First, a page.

Do you want to use the gas system of your motor caravan or caravan while driving? Particularly when the temperatures drop, it’s very comfortable to crank up the gas heating on the journey so that you have a pre-heated living space when you arrive at your destination. Operation while driving is permitted, but only if certain technical requirements are met, the key words: Crash sensor and excess flow device!
Camping surely also works if you don’t activate the gas system while driving, although admittedly, for many campers, doing so is significantly more comfortable. Winter campers in particular appreciate it when the rear of the motor caravan or caravan isn’t icy cold when they arrive at the campsite.
Dangerous while driving?
Of course, you can understand that some campers are a bit sceptical when they hear that they can operate the gas system while driving. What happens if there’s an accident, may I ask? If one were to occur, theoretically, unburned LPG might escape. Isn’t that very dangerous?
No, it’s not. Thousands of this kind of systems have been running for years and nothing dramatic has happened to them yet. However, this also has its reasons, because the gas system always needs two safety devices, as we mentioned at the start.
Part one: Crash sensor
One is the crash sensor. This is a component of the gas pressure-control device, for example from a GOK Caramatic DriveOne or Caramatic DriveTwo. If the camper is involved in a traffic accident, the crash sensor with pendulum solution ensures that the gas flow stops upon impact and no more LPG escapes. You can see exactly how the crash sensor works in this animated video:
Part two: Excess flow valve
Part two of the protective safety devices is an excess flow device. If you wish to operate the gas system while driving, you need a high pressure hose assembly to connect directly to the gas cylinder and this gas hose must in turn have an integrated excess flow device.
What do these safety devices do? If the gas hose is pulled off or a massive leak develops, the excess flow device detects this and blocks the gas flow directly at the gas cylinder. This then also prevents unburned gas from escaping.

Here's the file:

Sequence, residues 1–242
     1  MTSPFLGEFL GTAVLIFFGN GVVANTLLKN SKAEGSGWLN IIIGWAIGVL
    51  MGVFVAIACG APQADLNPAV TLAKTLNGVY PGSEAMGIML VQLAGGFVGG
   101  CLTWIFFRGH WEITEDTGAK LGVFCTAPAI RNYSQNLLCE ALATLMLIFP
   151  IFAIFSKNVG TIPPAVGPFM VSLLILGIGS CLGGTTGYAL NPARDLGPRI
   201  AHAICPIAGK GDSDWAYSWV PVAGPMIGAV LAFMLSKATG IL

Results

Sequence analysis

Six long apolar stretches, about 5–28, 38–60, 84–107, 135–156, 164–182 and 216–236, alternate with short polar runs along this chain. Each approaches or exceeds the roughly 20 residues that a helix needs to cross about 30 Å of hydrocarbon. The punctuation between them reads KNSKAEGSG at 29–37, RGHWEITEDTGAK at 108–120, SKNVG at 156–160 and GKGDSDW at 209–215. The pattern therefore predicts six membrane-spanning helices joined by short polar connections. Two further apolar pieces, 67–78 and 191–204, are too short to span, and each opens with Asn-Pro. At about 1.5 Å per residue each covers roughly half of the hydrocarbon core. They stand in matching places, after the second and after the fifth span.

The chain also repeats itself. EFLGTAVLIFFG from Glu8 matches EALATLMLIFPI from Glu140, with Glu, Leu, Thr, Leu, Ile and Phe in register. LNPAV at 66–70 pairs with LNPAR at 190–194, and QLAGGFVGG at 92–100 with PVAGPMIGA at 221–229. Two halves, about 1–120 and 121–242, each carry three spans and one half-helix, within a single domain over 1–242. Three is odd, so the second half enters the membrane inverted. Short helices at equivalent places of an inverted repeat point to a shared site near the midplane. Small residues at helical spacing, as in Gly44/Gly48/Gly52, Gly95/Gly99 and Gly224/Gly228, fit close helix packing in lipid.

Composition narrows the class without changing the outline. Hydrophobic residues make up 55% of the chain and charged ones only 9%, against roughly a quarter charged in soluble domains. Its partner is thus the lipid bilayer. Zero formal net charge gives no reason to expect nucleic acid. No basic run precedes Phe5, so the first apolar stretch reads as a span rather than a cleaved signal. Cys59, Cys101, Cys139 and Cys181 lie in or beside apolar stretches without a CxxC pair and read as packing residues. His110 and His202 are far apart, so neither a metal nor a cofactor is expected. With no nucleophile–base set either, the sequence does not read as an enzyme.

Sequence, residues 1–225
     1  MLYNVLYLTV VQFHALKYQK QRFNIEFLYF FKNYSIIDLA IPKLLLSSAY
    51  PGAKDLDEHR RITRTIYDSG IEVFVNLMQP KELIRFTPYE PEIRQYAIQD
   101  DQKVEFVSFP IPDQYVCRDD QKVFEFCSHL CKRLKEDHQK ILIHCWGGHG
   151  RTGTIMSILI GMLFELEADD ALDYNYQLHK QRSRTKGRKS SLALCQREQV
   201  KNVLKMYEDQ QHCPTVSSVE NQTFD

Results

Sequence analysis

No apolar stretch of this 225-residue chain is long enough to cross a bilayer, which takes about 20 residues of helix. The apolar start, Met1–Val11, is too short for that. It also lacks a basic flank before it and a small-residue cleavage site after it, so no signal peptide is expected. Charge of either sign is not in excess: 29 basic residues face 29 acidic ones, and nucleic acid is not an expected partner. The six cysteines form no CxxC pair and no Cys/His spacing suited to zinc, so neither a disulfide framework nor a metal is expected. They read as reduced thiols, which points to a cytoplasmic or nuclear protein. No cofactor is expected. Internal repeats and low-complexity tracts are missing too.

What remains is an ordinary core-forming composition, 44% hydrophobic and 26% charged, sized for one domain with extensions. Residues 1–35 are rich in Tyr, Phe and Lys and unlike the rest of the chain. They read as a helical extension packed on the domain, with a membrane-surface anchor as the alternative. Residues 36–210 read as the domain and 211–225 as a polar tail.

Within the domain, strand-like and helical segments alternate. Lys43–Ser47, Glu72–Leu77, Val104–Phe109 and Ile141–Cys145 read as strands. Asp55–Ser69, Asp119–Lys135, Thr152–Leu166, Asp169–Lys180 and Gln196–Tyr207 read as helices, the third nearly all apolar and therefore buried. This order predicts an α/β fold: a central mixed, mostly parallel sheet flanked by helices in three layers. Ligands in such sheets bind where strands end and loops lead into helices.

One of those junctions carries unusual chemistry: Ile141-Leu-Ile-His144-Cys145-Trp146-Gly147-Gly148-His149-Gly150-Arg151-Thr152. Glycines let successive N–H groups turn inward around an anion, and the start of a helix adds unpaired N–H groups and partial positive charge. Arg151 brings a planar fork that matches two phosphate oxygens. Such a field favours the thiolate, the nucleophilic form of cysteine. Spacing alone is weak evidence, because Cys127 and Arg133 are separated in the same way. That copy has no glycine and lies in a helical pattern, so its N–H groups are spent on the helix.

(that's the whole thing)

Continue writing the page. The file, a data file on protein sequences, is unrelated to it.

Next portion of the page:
While the risk of traffic accidents might not be ruled out, this combination of crash sensor and excess flow device at least reduces the potential for danger after an accident.
Where does it come from? Brussels!
The regulations requiring the safety devices mentioned are uniform across Europe. And in DIN EN 1949:2013-05 “Specification for the installation of LPG systems for habitation purposes in leisure accommodation vehicles and accommodation purposes in other vehicles.” And here you will find:
“If it is the intention for a heating system or other device to be used while driving, there must be a feature which prevents the uncontrolled escape of LPG based on an accident-related disconnection (according to the European Directive 2006/119/EC).”
The worksheet G 607 (A) from the German Technical and Scientific Association for Gas and Water (DVGW), more well known among campers owing to the gas tests, makes explicit reference to section 6.1.3 of the European standard.
If you don’t want to go without your gas heating while driving for comfort reasons, for example, you can do so without ever compromising your safety. This is what the crash sensor and excess flow device safety devices are for. Both of these are the basic requirements for operating the LPG system while driving.